So why is fashion so enamoured with the vase? “It’s a very immediate symbol,” says Francesco Pirrello, the Milan-born, Paris-based co-creator of 1,000 Vases, which sees designers, furniture-makers and ceramicists offer their take on the form. “It’s an object that everyone can understand without explanation, and for artists it’s a flag showcasing their style.” To date, the exhibition has travelled from Paris to Dubai and back – each time with an entirely new roster of vessels. Its next stop will be Superstudio Più in Milan, coinciding with the Salone del Mobile furniture fair in April. Pieces can be secured for as little as €50, but for Pirrello the secret of the show’s success is its scale. “It’s like viewing a huge crowd at a concert,” he says of the spectacle. “En masse you suddenly feel the diversity and the richness of the designs.” Pirrello is passionate about the value of the vase as a medium for artistic expression. “It’s not just a trend of the moment – as a form it’s timeless, in the same way that the lines of an Egyptian vase have the power to represent the past.”
Certainly, the vase has a long and storied history. The decoration of ancient Greek urns has been the subject of decades of academic study – and the source of Keats’ poetic assertion that “beauty is truth, truth beauty”. Later, the pot became a passion project for contemporary artists such as Cocteau, Chagall and Picasso. According to Left Bank gallerist Thomas Fritsch, an expert in postwar French ceramics, these artists spawned a revival.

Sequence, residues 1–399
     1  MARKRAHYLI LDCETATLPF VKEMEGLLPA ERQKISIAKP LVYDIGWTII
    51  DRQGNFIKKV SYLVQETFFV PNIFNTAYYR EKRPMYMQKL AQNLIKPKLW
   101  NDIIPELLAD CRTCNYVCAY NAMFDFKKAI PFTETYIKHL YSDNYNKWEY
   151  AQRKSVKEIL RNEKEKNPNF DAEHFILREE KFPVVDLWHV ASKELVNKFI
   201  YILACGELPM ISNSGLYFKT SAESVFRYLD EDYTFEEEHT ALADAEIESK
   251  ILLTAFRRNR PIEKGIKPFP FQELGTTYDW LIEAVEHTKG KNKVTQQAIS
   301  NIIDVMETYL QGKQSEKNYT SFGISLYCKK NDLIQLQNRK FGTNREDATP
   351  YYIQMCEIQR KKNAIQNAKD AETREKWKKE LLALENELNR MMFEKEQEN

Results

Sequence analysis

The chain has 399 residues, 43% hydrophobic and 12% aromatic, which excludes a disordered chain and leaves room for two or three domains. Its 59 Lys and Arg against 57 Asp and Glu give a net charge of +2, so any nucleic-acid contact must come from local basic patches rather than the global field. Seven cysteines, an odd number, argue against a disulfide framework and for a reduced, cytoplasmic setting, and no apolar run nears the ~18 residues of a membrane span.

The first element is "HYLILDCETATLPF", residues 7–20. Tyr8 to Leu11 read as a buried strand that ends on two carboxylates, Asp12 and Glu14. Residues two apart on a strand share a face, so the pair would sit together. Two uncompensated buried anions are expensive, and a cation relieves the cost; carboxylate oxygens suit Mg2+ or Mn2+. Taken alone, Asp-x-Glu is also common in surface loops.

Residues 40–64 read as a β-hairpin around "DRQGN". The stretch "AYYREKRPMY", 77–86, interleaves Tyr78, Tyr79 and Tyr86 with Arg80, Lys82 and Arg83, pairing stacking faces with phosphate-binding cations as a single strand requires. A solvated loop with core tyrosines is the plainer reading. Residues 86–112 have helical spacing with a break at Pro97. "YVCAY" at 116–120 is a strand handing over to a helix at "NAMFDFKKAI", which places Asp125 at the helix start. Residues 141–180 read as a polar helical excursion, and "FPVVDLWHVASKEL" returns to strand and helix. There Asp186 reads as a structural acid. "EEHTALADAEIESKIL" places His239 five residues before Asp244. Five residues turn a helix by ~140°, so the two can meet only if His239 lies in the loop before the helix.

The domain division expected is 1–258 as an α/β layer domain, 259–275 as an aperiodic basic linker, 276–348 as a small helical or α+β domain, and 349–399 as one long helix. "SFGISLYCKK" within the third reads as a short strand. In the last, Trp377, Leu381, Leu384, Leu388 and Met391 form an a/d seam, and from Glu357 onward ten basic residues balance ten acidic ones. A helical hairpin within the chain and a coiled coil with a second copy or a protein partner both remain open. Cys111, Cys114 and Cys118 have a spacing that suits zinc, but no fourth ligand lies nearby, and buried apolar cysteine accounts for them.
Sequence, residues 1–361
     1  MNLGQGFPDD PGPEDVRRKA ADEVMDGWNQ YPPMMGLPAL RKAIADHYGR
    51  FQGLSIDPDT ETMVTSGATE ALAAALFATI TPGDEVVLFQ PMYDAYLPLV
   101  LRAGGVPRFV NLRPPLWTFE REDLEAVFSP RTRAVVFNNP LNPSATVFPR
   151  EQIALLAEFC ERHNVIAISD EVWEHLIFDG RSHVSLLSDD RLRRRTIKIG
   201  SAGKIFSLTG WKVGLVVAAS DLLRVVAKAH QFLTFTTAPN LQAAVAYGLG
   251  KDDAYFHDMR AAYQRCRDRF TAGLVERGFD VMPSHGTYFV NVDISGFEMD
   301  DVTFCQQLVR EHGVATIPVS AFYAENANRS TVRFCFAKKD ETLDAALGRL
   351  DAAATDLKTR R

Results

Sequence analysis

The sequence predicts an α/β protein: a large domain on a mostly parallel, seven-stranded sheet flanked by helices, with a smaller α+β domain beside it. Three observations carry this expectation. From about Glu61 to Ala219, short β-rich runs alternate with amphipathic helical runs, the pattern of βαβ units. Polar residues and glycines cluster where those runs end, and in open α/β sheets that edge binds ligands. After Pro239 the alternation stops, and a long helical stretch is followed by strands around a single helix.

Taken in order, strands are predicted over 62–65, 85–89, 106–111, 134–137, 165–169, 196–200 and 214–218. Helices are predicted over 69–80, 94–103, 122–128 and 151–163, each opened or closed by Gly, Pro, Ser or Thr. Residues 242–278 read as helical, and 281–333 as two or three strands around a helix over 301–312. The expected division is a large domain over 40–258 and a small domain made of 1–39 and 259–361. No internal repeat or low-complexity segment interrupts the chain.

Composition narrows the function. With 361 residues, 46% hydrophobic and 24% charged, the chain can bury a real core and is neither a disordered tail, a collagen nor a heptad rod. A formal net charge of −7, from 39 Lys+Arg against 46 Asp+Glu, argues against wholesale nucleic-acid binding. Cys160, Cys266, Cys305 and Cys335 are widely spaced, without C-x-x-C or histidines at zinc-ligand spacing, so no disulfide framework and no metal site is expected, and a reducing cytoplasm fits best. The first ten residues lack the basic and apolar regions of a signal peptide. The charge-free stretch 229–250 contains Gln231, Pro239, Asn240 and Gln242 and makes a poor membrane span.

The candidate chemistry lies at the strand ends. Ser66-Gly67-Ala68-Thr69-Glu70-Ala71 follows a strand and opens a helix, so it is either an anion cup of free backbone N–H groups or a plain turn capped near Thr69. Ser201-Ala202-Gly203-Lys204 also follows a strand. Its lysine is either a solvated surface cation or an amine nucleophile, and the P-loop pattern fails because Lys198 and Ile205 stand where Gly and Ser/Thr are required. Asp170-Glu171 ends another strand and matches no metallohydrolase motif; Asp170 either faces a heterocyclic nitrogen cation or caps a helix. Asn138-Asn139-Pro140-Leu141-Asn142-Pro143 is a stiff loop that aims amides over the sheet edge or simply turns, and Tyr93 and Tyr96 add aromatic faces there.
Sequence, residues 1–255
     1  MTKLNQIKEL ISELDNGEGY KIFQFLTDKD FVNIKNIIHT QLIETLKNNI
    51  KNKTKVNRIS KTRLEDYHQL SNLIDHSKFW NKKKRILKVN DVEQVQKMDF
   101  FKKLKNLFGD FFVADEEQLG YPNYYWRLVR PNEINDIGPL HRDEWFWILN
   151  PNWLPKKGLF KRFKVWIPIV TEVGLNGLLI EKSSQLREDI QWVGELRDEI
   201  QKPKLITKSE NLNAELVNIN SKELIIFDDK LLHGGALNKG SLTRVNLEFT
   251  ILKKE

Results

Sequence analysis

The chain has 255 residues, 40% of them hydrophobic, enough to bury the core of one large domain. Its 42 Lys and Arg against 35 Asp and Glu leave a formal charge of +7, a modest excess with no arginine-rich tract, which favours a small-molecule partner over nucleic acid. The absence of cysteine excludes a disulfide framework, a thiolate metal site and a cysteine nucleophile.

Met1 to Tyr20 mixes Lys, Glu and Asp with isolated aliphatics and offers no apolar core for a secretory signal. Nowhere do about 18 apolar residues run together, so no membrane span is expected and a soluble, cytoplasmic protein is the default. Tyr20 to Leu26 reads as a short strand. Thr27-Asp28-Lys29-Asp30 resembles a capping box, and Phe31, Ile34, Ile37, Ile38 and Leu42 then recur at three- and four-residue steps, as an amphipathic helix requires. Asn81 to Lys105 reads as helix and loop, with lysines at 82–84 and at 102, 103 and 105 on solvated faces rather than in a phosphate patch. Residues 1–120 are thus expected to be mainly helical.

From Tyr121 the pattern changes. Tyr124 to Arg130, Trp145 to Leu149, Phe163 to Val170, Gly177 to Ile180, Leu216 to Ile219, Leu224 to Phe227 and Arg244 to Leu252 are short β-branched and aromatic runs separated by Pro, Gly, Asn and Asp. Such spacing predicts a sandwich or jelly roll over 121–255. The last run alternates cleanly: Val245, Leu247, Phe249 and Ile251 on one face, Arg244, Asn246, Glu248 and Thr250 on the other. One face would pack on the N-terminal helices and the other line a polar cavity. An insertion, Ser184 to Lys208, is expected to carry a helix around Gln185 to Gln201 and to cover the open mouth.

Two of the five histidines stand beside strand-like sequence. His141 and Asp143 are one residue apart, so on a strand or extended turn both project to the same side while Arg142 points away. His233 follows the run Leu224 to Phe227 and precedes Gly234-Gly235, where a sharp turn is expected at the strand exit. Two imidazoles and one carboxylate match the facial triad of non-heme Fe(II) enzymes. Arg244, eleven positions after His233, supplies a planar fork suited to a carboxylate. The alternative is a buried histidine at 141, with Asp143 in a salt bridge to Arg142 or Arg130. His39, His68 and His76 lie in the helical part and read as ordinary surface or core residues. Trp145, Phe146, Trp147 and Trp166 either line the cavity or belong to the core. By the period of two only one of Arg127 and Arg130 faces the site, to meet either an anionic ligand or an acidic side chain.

“Perceptions of the vase have completely changed over the past 50 years or more,” he says. “They were designed as functional objects, but thanks in part to artists like Picasso they’re now perceived more as sculpture.” The sheer proliferation of vases also makes them one of the biggest markets for collectors, he adds. “There are so many styles that you get a complete range of creativity. The prices are much more affordable compared to a painting – you can buy a real masterpiece for €10,000.”
Alongside highly sought-after creations by ceramic masters such as Georges Jouve, Fritsch offers the work of Suzanne Ramié. It was Ramié (co-founder of the Madoura pottery factory close to Antibes in France) whose skilful hands shaped the ceramics of Picasso. The single-minded Spanish artist wanted her to work exclusively for him – she refused. Her own bright, bold designs are a lasting testament to that blazing spirit – and a symbol of the marriage of art and craft that underpins the vase.
Modern collectables in the making can be found among the collections of jewellery innovators – their creativity finding fresh form in contemporary ceramics. Completedworks’ sculptural aesthetic spans both mediums. Its organic vessels – which fold, twist and contort in the same way as its jewels – are created to spark wider conversations about history, politics and the human condition.
But the last word must surely go to London-based French-Algerian jeweller Anissa Kermiche, whose provocative Love Handles vase – referencing the figurative forms of Brancusi and Botero and the humanistic, often humorous, elements of Picasso’s ceramics – was an instant Instagram hit. “I like finding the human side in every object. When you look at a classical vase, the curves resemble the waist and hips of a woman,” she says. “People are often lost when they decide to invest in art, but want something different for their home. This appeals, as it’s accessible and daring. People tell me it brings life to their room. They’ve sold in their thousands and people can’t seem to get enough.”
This story was originally posted on 27 February 2020.